A change in the mix of programmes, from the start of the new franchises on 1 January, was forecast yesterday at the Edinburgh television festival by Marcus Plantin, director of programming at London Weekend Television, and Paul Jackson, programme director at Carlton Television, which takes over Thames's London weekday franchise.
But Paul Woolwich, editor of Thames's This Week, which is being discontinued by Carlton, warned that unless ITV held on to its distinctive tough and investigative programmes, the new current affairs programmes could become 'light, bright and trite', ignoring unpopular subjects.
Mr Woolwich said the present weekly hour of mandated current affairs on ITV - World in Action and This Week - attracted more viewers than all of the BBC's weekly current affairs output. He described BBC current affairs as 'dry and analytical'.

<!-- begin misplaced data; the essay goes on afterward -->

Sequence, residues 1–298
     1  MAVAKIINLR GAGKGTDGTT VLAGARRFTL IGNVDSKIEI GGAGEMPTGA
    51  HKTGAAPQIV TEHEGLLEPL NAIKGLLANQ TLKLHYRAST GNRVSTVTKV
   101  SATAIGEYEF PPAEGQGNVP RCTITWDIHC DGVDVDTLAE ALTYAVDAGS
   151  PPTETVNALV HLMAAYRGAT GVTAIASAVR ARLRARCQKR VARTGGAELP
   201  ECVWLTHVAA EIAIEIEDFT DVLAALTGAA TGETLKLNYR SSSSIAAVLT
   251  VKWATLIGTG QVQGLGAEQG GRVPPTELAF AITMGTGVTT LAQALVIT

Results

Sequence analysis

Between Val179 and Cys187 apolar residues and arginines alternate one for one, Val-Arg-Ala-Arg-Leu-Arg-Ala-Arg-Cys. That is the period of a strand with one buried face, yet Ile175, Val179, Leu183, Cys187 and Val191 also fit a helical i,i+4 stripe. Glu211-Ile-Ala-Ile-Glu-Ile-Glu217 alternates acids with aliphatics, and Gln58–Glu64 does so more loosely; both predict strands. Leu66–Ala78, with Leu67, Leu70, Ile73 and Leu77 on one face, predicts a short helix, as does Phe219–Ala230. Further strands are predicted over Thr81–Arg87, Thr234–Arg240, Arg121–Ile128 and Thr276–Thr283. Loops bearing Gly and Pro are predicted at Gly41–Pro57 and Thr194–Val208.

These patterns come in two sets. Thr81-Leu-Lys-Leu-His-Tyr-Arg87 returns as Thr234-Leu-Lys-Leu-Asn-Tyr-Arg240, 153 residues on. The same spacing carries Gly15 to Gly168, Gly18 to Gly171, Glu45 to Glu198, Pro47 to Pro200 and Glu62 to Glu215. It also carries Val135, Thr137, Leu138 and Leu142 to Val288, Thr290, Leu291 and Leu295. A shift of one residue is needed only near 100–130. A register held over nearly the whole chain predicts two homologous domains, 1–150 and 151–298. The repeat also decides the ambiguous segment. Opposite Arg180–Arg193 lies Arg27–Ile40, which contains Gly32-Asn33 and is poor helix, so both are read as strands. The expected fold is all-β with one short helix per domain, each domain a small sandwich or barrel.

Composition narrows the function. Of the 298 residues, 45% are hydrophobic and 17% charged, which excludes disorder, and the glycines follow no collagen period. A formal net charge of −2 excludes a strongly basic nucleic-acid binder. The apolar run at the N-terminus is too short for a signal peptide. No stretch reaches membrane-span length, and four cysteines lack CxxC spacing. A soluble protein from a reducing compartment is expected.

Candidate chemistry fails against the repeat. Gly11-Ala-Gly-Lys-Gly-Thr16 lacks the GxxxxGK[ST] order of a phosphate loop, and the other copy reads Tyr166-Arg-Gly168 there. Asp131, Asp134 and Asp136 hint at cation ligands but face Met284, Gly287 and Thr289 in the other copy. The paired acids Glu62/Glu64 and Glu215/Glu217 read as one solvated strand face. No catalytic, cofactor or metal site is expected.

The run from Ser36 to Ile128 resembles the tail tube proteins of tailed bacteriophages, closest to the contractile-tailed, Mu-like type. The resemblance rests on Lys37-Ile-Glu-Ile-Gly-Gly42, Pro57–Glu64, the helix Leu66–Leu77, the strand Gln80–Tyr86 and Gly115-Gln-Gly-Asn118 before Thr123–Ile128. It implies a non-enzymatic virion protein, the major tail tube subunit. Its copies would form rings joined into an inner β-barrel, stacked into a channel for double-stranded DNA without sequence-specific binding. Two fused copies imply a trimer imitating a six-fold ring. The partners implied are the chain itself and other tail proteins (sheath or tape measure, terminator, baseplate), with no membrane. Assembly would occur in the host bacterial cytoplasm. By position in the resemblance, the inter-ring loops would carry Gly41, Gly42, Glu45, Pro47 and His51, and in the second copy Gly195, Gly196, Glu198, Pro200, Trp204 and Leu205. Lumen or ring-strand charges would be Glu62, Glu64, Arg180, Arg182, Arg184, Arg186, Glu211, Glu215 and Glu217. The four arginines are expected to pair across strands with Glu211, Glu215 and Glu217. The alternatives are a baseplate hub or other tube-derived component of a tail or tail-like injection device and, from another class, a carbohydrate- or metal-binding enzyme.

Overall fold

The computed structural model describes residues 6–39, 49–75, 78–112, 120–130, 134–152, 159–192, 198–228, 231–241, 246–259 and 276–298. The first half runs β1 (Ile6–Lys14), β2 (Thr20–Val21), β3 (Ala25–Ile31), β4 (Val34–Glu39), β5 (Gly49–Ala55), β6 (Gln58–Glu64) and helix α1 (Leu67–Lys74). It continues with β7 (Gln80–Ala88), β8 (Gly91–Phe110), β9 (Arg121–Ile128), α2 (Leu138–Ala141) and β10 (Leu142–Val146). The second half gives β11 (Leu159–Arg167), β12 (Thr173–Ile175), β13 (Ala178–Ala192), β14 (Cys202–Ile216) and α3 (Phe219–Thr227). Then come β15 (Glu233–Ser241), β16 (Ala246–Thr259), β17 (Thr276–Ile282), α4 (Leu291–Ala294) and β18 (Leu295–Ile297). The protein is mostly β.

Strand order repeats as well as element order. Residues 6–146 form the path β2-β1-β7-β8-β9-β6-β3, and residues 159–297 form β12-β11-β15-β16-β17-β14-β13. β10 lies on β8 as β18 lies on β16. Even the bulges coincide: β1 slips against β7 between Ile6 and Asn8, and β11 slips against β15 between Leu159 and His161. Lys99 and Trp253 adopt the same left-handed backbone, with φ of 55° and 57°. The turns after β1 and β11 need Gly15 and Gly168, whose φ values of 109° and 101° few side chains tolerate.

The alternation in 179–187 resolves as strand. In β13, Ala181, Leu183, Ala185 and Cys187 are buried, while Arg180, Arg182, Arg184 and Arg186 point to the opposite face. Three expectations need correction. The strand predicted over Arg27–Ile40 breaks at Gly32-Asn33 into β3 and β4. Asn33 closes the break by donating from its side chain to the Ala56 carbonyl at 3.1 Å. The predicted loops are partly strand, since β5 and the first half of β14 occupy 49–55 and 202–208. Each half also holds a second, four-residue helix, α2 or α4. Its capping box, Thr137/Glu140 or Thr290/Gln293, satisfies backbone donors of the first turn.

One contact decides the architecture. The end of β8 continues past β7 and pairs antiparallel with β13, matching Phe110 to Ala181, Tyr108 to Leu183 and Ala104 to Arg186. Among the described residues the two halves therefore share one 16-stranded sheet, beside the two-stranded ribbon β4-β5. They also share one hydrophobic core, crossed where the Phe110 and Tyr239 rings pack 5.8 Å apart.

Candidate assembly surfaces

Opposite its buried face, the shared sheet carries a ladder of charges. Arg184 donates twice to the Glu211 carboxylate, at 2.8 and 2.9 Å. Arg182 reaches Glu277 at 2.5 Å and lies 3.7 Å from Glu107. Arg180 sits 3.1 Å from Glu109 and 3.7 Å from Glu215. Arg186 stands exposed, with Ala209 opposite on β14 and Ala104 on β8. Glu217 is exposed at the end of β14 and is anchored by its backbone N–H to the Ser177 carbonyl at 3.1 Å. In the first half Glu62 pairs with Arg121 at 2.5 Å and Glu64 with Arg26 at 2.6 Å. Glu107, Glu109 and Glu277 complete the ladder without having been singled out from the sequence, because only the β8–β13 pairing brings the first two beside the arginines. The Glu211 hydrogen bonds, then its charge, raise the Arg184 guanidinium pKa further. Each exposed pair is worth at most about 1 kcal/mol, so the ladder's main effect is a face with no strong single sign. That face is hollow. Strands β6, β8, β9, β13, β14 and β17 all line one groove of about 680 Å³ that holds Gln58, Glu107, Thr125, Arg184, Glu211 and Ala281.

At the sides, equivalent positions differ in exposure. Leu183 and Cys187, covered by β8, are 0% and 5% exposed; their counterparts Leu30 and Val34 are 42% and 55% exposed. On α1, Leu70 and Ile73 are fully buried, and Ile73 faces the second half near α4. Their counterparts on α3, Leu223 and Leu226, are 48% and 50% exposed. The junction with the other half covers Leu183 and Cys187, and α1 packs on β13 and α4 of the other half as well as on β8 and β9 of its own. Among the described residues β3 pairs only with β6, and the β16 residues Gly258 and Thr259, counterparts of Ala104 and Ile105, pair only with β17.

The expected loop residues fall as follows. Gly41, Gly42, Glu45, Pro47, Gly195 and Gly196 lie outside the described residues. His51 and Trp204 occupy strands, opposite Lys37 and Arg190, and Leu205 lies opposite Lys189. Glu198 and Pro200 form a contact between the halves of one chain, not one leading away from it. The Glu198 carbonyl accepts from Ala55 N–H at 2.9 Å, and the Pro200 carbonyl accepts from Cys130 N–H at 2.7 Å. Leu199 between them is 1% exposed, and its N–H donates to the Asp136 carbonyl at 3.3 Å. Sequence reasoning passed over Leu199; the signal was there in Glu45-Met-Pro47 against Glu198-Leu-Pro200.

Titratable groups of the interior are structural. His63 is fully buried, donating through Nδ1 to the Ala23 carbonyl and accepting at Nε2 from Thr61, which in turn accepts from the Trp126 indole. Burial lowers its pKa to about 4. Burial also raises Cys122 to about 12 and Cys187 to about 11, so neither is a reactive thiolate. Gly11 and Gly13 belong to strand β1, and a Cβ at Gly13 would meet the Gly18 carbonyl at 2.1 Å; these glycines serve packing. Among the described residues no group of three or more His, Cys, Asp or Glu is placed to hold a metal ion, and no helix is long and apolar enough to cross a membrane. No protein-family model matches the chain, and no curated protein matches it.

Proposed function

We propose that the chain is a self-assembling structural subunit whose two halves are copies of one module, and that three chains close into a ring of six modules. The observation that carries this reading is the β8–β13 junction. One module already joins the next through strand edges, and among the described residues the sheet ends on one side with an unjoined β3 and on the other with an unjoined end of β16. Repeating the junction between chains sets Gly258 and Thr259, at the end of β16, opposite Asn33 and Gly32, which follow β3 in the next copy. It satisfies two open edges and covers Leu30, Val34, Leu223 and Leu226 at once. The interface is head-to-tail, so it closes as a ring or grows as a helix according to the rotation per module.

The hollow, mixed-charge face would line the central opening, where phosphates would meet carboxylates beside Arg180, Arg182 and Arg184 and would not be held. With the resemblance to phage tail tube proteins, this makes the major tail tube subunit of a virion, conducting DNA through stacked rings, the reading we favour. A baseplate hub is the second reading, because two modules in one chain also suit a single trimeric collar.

He proposed a new hour-long programme starting at 7pm on Sunday and composed of topics to interest everyone. He said this would only take up 4 per cent of peak time.
But Mr Jackson warned producers that the world of ITV would change irrevocably on 1 January. There would be a fierce fight for advertising revenue with Channel 4, satellite and probably Channel 5, the new terrestrial station. Four per cent of prime time represented advertising airtime worth millions of pounds, the difference between profit and loss for the new ITV franchise holders.
'They have to make a profit to stay in business,' he said. ITV could not afford to take a dive in ratings, even for half an hour in prime time.
The Independent Television Commission, which regulates ITV, is meanwhile insisting that the nightly news on ITV must remain within prime time and that change to a move from 10pm to 10.30pm for the main nightly news is not possible.Reuse content